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Wednesday, September 19, 2012

The Strange Journey of Widowhood Begins

It feels weird, surreal. Well, it's only been 16 days since he died, 10 since his commemoration ceremony. Sometimes it feels as if he's still here, just resting in the bedroom as he did more and more in recent months. At other times I'm acutely aware that he's not here. At least not physically; sometimes I'm aware of his presence in other ways, but it's not the same. And that has good and bad aspects. I can still tell him stuff, but I can't hug him. I just have to be glad of the 20 years of hugs we did have. I am not accountable any more; I can please myself what I do when, what I eat, where I go ... only it is hard to get used to taking even the simplest pleasures alone, for instance not preparing a meal with his enjoyment in mind.

I can't believe it was all so quick in the end. 'Only a few weeks ago we were soaping each other in the shower!' I thought yesterday, as I turned on the taps. We didn't always shower together, but it's a big enough space that we could and quite often did. That last time, I think my ulterior motive was to keep an eye on him. With our non-slip floors and substantial railings, when he was at home he was always able to shower himself despite problems with his legs and his balance. He seldom even used the shower chair. He could still shave himself too, but sometimes needed a hand with drying and dressing himself. But he was frailer, that last week at home. Nevertheless, he managed just fine.

I didn't mind any of the nursing I did for him; I wanted to help as best I could. But I must say I don't miss it. I have a lot more time to accomplish other things. And now, when I look back, I realise how much I was doing in the way of practical care. His body was breaking down, inexorably. When I feel lonely and weepy, I only have to bring back the image of him shuffling about painfully with his wretched wheely walker, and I can't wish him back.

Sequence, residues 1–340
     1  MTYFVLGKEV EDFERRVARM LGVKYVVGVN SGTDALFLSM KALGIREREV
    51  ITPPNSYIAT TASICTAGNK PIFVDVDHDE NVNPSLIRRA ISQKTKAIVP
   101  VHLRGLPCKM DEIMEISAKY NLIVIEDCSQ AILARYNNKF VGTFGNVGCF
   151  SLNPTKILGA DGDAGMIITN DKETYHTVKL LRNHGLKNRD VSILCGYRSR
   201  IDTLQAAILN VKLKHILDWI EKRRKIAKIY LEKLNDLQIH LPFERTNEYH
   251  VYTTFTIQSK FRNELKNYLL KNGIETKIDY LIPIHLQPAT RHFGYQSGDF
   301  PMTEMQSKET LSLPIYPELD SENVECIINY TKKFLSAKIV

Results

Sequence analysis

Not that I thought his walker wretched until now. It was a godsend, a valuable tool, the only thing that enabled him to get around. At first he only needed it for long walks outside the house; in the end he couldn't do without it anywhere ... until at the very end he could no longer walk at all. We went through a few different models, actually, to find the one that suited him best. I bought the first brand new, the rest second-hand from Palliative Care. I used to think that if he died before me, I'd keep the walker stashed away somewhere in case one day I should need it. Not at all — I couldn't wait to get rid of it. (I donated it back to Palliative Care.) Though I hate, now, to think of him shuffling along behind it, at the time I admired his guts and patience. As a friend said to me today, he kept going as long as he could, with great determination. As our doctor said, he was a fighter.

These last months were more and more difficult for us both. Yet there was also great sweetness and much love. As my poet friend Joyce Lee said to me of someone else, long ago, 'His soul was showing, like light through a crack.' When I remember those times of enduring, unconditional love, I am calmed. And then I want to weep all over again!

I see some things he has used, and feel not the least bit sentimental about throwing them out or giving them away.  'You don't have a body any more,' I tell him in my head. 'You don't need these.' Other things I feel revulsion for, angry with the poor, inanimate objects for the fact that he is no longer here to enjoy them. And others again I hug to me because he cherished them, or simply because they have felt his touch. 

It seems I can't talk of widowhood without talking of the marriage partner. In a way it is as if I am just in another phase of the marriage. And I haven't yet changed my relationship status on facebook. I still feel that we are husband and wife, and I rather expect I always will. However I shall change the status at some time — soonish — when I feel ready — so as to acknowledge the external fact.

It's lucky I have two cats dependent on me. They keep me grounded. It's time to go and feed them now. (They are getting extra cuddles these days, because they miss him ... and because I miss him.)

PS (Sept. 25) I have decided to create a new blog, The Widowhood Chronicles, and start it with this piece.

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